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Logo of Phnom Penh Post newspaper Phnom Penh Post - Prison numbers creep up

Prison numbers creep up

Prison numbers creep up

Minister of Interior Sar Kheng speaks during the annual meeting of the Department of Prisons in Phnom Penh today.

Prison officials at the Ministry of Interior said today that the number of prisoners increased by 5.1 percent in 2010 compared with a year earlier, putting further pressure on the Kingdom’s overburdened correctional facilities.

Kuy Bunson, deputy director of the ministry’s Department of Prisons, said that as of December 15, 14,043 prisoners were interned in the Kingdom’s jails, 718 up on the previous year.

Of these, 6,836 were incarcerated during the course of 2010.

Speaking at the department’s annual meeting in Phnom Penh today, Kuy Bunson said that due to severe overcrowding in Phnom Penh’s prisons, 669 prisoners were transferred to provincial facilities during 2010.

Overcrowding has long been a problem in the country’s penal system, which has an official capacity of about 8,000.

Kuy Bunson said that in order to alleviate the problem, the government is pushing ahead with plans to expand the country’s overall prison capacity, with new prisons to be established in Pailin and Oddar Meanchey provinces.

They will supplement recently completed facilities in Banteay Meanchey and Prey Veng.

He said the department has also established Correctional Centre 4, its first agricultural detention centre, in Pursat province, constructing four provisional wooden detention buildings that can accommodate 280 detainees.

Officials hope that CC4, opened in January 2010, will eventually hold 2,500 inmates.

“In order to address the small space problem in detention, detainees have participated in industrial and agricultural programmes,” he added.

Nut Sa An, a secretary of state at the Ministry of Interior, said the spike in the number of inmates posed major health concerns and made it difficult to control prisoners.

“Small space in detention results in many issues which impact the implementation of the detention reform strategy, such as [prisoners’] mental and physical health,” he said.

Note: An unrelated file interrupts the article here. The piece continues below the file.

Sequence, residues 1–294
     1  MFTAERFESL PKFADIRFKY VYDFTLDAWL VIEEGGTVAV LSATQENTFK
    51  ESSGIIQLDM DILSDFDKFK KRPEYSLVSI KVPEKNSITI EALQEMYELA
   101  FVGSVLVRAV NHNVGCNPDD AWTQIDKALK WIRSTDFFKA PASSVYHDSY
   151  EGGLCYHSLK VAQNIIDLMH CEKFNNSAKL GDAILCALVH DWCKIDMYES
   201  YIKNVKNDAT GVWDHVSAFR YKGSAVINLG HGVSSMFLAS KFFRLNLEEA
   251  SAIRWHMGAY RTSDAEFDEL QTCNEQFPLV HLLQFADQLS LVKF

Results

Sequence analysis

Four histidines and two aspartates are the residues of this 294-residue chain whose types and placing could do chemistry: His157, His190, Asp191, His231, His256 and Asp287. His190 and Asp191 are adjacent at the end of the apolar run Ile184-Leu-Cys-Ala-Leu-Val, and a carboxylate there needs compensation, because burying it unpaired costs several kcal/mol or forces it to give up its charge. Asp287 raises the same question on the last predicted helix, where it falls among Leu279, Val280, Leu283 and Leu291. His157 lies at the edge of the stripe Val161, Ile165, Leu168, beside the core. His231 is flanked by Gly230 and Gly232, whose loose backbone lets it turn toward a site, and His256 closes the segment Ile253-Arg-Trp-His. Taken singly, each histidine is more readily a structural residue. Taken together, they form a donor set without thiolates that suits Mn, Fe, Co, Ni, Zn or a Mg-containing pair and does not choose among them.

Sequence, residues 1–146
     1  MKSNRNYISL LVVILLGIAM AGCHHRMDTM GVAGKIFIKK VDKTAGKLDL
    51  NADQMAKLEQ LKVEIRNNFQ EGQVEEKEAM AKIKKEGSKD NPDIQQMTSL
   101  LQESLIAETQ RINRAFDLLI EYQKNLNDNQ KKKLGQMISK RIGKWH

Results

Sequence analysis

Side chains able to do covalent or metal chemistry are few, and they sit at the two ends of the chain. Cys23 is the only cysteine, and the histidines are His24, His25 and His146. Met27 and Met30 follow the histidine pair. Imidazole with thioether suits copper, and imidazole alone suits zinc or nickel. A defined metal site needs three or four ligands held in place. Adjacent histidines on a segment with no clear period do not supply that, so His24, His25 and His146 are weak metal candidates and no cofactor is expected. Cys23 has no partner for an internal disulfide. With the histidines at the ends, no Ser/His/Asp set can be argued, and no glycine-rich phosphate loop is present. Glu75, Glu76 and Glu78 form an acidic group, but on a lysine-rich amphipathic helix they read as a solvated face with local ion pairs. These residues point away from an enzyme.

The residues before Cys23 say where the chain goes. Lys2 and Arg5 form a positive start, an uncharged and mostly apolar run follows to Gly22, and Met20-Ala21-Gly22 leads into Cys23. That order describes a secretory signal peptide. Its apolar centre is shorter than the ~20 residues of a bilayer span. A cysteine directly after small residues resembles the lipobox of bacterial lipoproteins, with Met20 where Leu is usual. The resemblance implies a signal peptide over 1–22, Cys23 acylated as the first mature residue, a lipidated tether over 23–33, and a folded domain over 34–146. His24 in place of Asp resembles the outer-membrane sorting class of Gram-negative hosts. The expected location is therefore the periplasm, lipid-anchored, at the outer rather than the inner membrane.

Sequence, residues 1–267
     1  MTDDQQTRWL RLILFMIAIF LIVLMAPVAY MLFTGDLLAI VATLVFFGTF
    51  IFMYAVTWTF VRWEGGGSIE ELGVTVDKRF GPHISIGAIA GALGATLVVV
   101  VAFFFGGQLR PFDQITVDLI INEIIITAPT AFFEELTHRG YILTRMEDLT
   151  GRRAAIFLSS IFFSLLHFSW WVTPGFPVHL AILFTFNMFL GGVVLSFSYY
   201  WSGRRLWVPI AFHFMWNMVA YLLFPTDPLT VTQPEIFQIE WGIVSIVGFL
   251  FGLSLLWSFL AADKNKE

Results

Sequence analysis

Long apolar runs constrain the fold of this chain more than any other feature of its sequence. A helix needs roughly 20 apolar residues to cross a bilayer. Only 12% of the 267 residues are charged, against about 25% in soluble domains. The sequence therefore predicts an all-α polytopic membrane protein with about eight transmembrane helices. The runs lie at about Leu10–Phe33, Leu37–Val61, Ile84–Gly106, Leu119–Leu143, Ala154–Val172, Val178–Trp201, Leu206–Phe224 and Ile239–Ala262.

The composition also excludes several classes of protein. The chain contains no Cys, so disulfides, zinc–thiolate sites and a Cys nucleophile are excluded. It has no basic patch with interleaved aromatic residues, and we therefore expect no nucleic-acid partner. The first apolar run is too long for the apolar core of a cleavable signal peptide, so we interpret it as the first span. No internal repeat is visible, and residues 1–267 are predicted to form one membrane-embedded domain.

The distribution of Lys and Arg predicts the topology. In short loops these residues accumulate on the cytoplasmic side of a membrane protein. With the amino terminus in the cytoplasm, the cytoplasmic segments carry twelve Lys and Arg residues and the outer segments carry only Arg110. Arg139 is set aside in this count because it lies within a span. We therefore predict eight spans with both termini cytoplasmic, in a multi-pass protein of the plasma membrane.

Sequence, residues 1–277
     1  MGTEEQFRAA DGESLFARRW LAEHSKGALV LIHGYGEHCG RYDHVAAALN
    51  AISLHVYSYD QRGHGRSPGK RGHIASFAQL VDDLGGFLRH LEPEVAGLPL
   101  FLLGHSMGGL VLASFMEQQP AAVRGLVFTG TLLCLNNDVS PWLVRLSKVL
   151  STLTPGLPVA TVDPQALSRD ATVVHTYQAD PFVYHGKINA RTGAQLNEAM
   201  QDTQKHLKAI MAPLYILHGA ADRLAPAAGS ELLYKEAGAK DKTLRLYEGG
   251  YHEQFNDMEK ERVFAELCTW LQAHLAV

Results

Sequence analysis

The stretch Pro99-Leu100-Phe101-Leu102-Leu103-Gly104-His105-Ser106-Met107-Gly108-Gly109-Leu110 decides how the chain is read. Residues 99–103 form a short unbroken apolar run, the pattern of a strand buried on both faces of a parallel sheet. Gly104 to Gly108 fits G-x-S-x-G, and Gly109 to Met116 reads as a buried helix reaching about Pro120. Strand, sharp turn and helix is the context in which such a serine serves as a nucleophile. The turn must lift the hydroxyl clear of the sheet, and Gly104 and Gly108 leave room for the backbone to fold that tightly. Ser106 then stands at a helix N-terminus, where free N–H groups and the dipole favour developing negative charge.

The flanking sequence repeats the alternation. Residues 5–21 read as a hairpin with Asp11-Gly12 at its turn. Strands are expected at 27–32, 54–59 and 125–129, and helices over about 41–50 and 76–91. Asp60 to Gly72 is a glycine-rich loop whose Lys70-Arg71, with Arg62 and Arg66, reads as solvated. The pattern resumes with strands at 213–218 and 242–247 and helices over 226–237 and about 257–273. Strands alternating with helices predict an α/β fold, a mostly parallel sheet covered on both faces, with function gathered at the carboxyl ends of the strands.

In July, local rights group Licadho reported that Cambodia’s prisons could be the most overcrowded in the world inside a decade without broad-based reform of the country’s criminal justice system.

The report stated that even substantial increases in capacity over the next few years will do little to stop the overcrowding plaguing the country’s penal system.

Am Sam Ath, a senior investigator for Licadho, said some prisons designed to hold 600 prisoners were housing as many as 1,500, contributing to the spread of communicable diseases such as tuberculosis.

“This problem impacts on the detainees’ mental health and blood vessels, which causes them to die from high blood pressure,” he said.

Last year’s increase of 5.1 percent is down on the 14 percent average annual growth in the prison population over the past five years.

But even assuming a five percent annual growth rate – something it described as conservative – Licadho’s report stated that the prison system will still be at 165 percent of capacity in 2019.

Am Sam Ath said the problem derived in part from the justice system, which remands large numbers of suspects in custody rather than granting them bail. Last year, the Department of Prisons reported that about a third of the prison population was made up by defendants awaiting trial.

“If the judges didn’t grant some criminal defendants bail … the building of four correctional centres in Pursat or Pailin provinces would still not be enough for those prisoners,” he said.


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